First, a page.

Through an exploration of both practice and theory, this book investigates the relationship between listening and the theatrical encounter in the context of Western theatre and performance. Rather than looking to the stage for a politics or ethics of performance, Rajni Shah asks what work needs to happen in order for the stage itself to appear, exploring some of the factors that might allow or prevent a group of individuals to gather together as an ‘audience’.
Combines extracts from over 70 international practitioners, companies, collectives and makers from the fields of dance, theatre, music, live and performance art, and activism to form a sourcebook for students, researchers and practitioners.
Documents the artist’s two-year (2015-2017) experimental site-specific art project. The project involved Chen’s visits to 168 locations set out as squares on a Google map of Greater London, and used the city as a stage and open space for the execution of Chen’s experiments.
The two live artists engage in a playful, theatre-inspired dialogue (complete with stage directions) in which they discuss their complicated relationships, working within theatre institutions.
Niebisch retraces how the early Avant-Garde movements started out as parasites inhabiting and irritating the emerging mass media circuits of the press, cinema, and wired and wireless communication.
Tom Holert argues that with Celebration? Realife, Chaimowicz makes a strategic and important meditation on the changing role of the artist, who simultaneously becomes art director, choreographer and participant. The groundbreaking installation Celebration? Realife was originally created for ‘Three Life Situations’ at Gallery House London in 1972.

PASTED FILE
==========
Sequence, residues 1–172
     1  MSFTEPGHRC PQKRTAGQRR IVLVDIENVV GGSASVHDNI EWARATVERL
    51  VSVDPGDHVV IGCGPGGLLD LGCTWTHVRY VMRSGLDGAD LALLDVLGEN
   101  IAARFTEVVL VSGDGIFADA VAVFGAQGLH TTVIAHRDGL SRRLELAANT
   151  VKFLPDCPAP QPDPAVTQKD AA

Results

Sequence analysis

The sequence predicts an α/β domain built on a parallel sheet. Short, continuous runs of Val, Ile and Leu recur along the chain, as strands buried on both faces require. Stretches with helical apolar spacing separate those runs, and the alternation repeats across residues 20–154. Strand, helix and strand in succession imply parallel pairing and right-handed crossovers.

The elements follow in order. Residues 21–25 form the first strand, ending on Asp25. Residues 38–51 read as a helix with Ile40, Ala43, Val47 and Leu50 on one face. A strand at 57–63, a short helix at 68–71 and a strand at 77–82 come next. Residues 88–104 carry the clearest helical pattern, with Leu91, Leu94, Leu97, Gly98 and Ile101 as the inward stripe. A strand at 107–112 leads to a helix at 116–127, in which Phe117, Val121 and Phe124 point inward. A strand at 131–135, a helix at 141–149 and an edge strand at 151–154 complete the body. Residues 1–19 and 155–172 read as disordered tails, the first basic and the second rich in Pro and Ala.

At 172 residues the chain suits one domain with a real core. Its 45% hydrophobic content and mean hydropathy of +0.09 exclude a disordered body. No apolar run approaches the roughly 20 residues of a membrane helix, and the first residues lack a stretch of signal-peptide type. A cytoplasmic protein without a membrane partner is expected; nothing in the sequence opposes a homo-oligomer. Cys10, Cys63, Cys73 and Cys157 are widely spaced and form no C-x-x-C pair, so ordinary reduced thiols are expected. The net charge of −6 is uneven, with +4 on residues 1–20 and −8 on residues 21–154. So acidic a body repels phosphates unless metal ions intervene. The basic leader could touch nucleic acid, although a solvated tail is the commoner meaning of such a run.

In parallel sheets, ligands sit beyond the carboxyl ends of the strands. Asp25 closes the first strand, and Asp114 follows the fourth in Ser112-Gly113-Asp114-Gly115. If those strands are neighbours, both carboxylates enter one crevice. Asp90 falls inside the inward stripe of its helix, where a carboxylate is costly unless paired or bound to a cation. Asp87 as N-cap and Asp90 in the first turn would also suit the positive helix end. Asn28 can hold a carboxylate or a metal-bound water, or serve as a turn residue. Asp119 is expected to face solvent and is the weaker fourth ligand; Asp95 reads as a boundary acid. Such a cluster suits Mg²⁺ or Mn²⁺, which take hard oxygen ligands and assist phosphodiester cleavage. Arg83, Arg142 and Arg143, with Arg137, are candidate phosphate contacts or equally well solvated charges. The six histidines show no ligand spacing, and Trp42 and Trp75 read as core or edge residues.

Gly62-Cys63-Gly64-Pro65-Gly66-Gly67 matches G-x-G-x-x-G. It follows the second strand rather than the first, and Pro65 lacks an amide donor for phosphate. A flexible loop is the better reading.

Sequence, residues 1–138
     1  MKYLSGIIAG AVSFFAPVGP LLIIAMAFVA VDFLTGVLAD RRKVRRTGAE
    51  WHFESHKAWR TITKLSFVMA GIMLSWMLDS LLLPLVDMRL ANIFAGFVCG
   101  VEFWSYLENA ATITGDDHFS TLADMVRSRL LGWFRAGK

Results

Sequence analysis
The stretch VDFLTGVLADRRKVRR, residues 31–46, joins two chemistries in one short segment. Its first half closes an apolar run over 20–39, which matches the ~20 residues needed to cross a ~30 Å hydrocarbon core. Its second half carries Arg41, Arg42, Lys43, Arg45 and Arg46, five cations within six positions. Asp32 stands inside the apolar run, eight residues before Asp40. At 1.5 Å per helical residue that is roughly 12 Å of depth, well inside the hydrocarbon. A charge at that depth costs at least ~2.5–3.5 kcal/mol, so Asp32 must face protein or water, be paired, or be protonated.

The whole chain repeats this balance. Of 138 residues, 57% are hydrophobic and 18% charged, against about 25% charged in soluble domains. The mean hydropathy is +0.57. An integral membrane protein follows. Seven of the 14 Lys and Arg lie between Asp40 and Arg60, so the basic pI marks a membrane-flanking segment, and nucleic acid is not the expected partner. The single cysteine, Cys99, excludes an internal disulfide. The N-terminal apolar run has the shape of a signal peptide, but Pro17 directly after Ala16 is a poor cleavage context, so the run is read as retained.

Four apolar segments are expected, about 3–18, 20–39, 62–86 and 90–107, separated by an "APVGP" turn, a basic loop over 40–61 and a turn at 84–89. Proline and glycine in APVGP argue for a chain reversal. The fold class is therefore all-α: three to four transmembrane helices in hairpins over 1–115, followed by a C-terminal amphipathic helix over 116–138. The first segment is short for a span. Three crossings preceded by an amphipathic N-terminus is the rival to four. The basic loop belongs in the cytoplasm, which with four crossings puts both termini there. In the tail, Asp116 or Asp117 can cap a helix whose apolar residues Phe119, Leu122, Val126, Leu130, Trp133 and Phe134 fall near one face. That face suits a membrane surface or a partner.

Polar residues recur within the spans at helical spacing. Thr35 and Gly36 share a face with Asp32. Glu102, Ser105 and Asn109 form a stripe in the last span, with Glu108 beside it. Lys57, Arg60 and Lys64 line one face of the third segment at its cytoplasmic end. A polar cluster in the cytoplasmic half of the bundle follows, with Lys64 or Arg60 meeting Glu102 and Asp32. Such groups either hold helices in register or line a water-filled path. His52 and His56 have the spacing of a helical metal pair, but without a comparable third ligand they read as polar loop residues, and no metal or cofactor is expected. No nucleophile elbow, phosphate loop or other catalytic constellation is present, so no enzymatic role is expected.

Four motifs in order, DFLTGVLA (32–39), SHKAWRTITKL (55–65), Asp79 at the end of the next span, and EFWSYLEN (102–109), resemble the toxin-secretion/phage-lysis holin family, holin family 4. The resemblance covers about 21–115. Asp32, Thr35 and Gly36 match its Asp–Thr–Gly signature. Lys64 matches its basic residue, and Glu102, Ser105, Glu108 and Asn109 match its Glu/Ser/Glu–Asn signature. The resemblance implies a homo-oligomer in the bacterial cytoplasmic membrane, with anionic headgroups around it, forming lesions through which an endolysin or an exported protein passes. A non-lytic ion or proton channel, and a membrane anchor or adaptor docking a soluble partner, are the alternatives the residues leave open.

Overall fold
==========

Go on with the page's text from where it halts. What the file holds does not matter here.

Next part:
This item is part of the ‘Glimpses of before: 1970s UK Performance Art’ Study Room Guide by Helena Goldwater (P2497)
The author discusses walk+talk – Philipp Gehmacher’s durational project inviting choreographers to deal with the driving parameters of their practices in simultaneously physical and verbal solo-explorations on stage.
Exhibition catalogue, explores the relationship between technology, machines and the Bauhaus Stage. Contributors: Hortensia Volckers, Alexander Farenholtz, Philipp Oswalt, Juliet Koss, Sascha Forster, Peter W. Marx, Joachim Krausse, Gabriele Brandstetter, Jienne Liu, Karin Harrasser
Analyses the dramatic works of modern German, American, English, French, and Spanish writers within their historical and cultural contexts.
Writings on performance activism and pedagogy.
This item is part of the Study Room Guide: A Bi(bli)ography of Insurrectionary Imaginati by John Jordan (P0793) and the Study Room Guide on Performance, Politics, Ethics and Human Rights by Adrien Sina (P0661)